Credit Card Arbitration Explained

Credit card arbitration is a subject that every credit card holder should have some working knowledge of. Here are the basics of credit card arbitration and how it can impact you as a credit card holder.

Credit Card Arbitration

When you sign the documents that are required in order to get a new credit card, you are most likely signing an arbitration agreement. This means that if there is a dispute between you and the credit card company, you will go through the arbitration process. Therefore, you will not be able to sue the credit card company if anything goes wrong. Instead, you will make your claim to a third-party arbitrator that will settle the dispute.

Stacked Deck

At first glance, this may not seem like a bad situation to be in. However, if you decide that the credit card company has wronged you, you will most likely change your mind quickly. In most cases, regardless of what your claim is, the arbitrator will rule in favor of the credit card company. Most of these arbitrators stay in business because of their dealings with the credit card company. Therefore, they are not going to bite the hand that feeds them and issue a stern ruling against them. Basically, you are going up against a judge that will almost always rule in favor of the credit card company. This means that you are essentially fighting a losing battle from the very beginning. According to a recent study by the National Arbitration Forum, 94 percent of the cases that were brought against credit card companies ended up going in favor of the company and not the consumer.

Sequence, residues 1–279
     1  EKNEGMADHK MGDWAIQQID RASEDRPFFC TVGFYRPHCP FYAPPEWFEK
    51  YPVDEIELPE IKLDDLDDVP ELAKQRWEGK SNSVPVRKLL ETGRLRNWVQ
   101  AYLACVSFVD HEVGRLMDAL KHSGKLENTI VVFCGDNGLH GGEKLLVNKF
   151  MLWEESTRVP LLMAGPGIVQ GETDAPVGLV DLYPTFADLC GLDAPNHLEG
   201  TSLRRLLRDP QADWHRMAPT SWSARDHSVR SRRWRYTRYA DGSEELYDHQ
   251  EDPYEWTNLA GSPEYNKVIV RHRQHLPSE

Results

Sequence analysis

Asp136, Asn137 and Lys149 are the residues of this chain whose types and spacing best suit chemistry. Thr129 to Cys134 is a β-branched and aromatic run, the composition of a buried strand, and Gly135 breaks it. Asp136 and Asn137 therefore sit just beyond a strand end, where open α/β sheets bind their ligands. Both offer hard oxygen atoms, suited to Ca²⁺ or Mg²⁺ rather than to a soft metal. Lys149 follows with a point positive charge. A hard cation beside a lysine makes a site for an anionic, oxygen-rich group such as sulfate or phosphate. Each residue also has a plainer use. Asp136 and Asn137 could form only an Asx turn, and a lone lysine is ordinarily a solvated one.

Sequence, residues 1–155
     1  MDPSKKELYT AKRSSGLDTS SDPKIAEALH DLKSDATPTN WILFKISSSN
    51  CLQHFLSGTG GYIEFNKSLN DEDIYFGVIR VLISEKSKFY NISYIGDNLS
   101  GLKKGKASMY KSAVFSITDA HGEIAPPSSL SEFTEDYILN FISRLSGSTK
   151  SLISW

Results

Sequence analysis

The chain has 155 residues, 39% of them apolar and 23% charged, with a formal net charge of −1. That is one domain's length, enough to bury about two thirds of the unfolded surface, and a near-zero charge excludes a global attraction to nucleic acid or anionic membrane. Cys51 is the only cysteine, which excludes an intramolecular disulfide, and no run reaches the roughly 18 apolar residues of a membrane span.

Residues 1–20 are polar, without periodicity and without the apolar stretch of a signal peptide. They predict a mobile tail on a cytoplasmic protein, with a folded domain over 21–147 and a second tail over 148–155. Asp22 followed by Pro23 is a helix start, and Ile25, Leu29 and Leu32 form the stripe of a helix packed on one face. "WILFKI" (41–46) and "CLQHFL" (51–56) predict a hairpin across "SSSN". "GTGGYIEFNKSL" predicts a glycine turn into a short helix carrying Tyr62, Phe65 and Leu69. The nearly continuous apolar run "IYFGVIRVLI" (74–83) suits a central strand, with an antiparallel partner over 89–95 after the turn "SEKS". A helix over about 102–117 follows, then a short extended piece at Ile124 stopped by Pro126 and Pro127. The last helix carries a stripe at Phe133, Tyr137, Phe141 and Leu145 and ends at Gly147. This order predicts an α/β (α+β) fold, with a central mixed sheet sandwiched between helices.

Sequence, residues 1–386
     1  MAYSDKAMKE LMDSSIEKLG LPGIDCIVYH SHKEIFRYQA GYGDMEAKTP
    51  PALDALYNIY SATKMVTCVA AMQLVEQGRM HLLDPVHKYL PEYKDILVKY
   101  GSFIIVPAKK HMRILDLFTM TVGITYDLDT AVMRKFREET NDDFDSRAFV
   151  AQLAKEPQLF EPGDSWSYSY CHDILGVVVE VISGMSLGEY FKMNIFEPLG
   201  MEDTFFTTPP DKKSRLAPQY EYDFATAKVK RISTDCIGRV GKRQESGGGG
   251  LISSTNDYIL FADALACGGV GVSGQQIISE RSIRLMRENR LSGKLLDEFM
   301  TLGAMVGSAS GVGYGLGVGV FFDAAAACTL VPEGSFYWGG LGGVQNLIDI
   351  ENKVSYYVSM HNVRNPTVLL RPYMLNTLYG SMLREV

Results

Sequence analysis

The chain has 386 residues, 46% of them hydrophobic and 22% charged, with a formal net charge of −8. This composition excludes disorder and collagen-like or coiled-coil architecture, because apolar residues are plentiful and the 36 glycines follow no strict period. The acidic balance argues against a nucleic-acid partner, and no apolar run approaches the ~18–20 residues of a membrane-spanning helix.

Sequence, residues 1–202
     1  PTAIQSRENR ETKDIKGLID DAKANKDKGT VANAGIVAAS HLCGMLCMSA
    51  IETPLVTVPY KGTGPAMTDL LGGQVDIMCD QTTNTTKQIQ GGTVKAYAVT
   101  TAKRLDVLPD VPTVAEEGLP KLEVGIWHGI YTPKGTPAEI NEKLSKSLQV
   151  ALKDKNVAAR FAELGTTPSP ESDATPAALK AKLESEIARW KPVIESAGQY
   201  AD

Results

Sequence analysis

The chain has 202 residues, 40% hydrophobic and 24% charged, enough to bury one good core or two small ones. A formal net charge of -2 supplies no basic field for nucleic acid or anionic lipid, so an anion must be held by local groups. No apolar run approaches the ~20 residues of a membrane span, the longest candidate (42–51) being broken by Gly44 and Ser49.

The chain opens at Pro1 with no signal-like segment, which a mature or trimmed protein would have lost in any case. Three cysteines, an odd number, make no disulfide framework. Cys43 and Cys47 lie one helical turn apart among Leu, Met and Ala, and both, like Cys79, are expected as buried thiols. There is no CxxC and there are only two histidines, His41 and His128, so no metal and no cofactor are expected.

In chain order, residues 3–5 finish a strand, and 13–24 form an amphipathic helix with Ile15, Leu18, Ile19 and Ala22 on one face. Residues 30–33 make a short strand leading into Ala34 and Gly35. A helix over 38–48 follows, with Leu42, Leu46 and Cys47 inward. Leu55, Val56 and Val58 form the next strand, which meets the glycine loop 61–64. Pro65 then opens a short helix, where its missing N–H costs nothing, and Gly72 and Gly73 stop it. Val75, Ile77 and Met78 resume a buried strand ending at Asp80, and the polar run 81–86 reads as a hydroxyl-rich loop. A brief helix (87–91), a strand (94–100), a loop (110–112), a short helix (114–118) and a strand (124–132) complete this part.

Forcing You into Arbitration

The bad part about all of this is that you really do not have a choice of whether to go to arbitration in the event of a dispute if you want a credit card. Most companies will make you agree to attend arbitration if there is a dispute. Otherwise, they will no longer extend a credit card to you. There is usually an arbitration agreement in the documents that you sign before you ever are approved for a credit card.

How Arbitration Is Different

Although the credit card company wants you to believe that arbitration is the same thing as going to court, there are several key differences between them. One of the main differences is in the way that appeals are handled. With a regular court system, if you do not agree with the decision that is issued, you can choose to appeal the case to a higher court. With arbitration, this is not the case. The decision made by the original arbitrator is the final decision, and there will be no appeals made.

Another key difference is in the area of court costs for the consumer. With a typical court system, much of the cost is paid for by tax dollars, and therefore, your court costs will be low. However, with an arbitrator, you might find yourself with a bill for hundreds or thousands of dollars to pay for court costs.


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